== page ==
But by doing that, I was like “Wait a second… Why don’t I make a font that is sort of like Roboto, Helvetica, Agora, San Francisco sort of like a workhorse of a sans-serif that we could use for Figma, that I can use for UI’s myself?”

I didn’t really have a go-to workhorse typeface for screen. Back in the day it would be Lucida Grande… By the way, I saw a really fun sign. Someone took a photo of a sign by the road, those letters that you find at old-style movie theaters, and it said “I thought Ariana Grande was a font.”


That’s funny.

[35:55] So Lucida Grande - maybe that’s how you say it. Anyhow, I didn’t really have a workhorse, so I just thought “This could be a fun little side project.” So I started working on that, asked for tips from people, I joined the local Type Thursday group here in San Francisco, which is this super-nice group of people who meets once a month and they will critique and help each other out. I met several people who were just amazing and helped me out so much.

There’s a guy called James [unintelligible 00:36:21.02] who was really helpful early on. He helped me a little bit with what tools should I use. Is Robofont the right thing? What plugins do I need? You can’t really draw a rectangle in Robofont without a plugin. It’s a very plugin-driven thing.

Yeah, so that’s kind of how it got started. And then it just kept tumbling on, and years went past. Now it’s been a couple of years and I keep working on it continuously. Now I would say it’s pretty close to done, as far as you can get it done. It’s probably another 2-3 years to go, at least on the regular text version. There’s a display version in the works as well.

Was it always intended to be open source, or was that just sort of a happy accident? Obviously, a side project, but it didn’t mean it was open source. How did you get to the open source nature of it?

That’s a great question. This is sort of central to what drove me to keep working on it. So reflecting a bit over almost a realization I hadn’t really thought about, that I didn’t really have a good workhorse UI typeface that would work on websites… You know, you can’t use San Francisco or something on a website, or any other sort of commercial font without paying license fees for it. Now, I think that makes sense for a commercial website; you might wanna have a personal edge. Anyhow… Reflecting over that, I realized that for this to be a worthwhile effort, it needs to be open source. Inter – that’s almost like why it exists… To be a really high-quality, truly free to use. If you wanna make money out of things you make with Inter, you can do that. It’s fully, truly free. I felt that that was just missing in the world.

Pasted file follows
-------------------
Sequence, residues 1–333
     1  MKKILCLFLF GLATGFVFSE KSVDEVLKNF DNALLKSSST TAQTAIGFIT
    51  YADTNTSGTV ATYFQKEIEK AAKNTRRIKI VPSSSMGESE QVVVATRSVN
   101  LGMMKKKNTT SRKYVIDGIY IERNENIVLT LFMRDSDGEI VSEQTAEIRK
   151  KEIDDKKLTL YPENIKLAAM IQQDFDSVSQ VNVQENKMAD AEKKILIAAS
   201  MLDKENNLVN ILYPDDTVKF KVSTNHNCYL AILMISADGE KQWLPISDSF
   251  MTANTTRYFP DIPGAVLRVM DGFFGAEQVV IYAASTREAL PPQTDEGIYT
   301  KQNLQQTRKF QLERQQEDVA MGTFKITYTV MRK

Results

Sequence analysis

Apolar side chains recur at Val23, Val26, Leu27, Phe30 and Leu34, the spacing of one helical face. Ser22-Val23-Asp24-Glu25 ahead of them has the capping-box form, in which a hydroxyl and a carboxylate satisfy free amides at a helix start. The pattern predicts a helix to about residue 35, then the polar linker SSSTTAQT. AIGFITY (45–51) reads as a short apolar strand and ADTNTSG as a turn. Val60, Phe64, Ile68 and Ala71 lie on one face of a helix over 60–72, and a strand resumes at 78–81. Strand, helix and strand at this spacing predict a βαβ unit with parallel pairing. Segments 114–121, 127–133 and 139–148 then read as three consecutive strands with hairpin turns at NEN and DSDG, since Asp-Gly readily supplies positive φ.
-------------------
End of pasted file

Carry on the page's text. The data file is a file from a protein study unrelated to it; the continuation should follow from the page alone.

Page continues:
Yeah. How many hours have you put into this? Can you add that up?

Oh, my God…

Is it more than you can add?

Oh, it’s thousands and thousands of hours. I mean, I would go on vacation, and every second I would work on it, and every second day I would do vacation stuff… After work, in evenings, pretty much all of the weekends… At least for the first few years. Now it’s more of a Maintainer, Maintainer, Maintainer situation. There’s less forward progression work with the typeface and there’s more like “Oh, this version of Office 2003 on Windows 98, when you send it to this HP printer from 2005 - the kerning is off. Let’s see if we can figure this bug out.” Because fonts are these little programs; they run in a virtual machine, they have code inside them, they have these programs inside them… So it’s actually kind of finicky, and there’s a lot of different implementations of this. To use this term “virtual machine”, there’s a lot of implementations of it. So that’s a big part of it. But no, it’s more hours than I can imagine.

It’s a beautiful typeface. I think Helvetica is one of those typefaces that sort of has this – you know this being from Stockholm, Sweden; it’s the face, and I think the font face that people think about in terms of like the most popular… And I think Inter is of the same caliber, in my opinion. I imagine one day there will be a documentary… If not a podcast, a documentary about Inter.


I mean, that would be amazing. Thank you so much, Adam. That means a lot. I actually went to the – there was a premiere of this Gary Hustwit documentary called Helvetica (years ago; 12-13 years ago) with my other type nerd friends that lived in Stockholm. We went to this movie theater, and he was there, premiering the movie… And I remember sitting in this movie theater with my other type nerd friends, and we looked around and it was just full of people. It was like 100 people or something in there… And we were like, “Dude, all of these other people are as weird as we are. How cool is this?!”


[40:06] That’s gotta be quite the feeling. Well, just speaking to the hours and the output, there’s so much depth to this in terms of customizability, the variable font, all these features, the ways that you can subset it with different tools… And on top of all that, I guess the base of what’s there - 2,548 characters. Are each of those handcrafted? I suppose they have to be. Or did you start with something and then you tweak certain ones and leave other ones alone? I don’t even know how a font is created, so maybe help me understand - did you handcraft each glyph?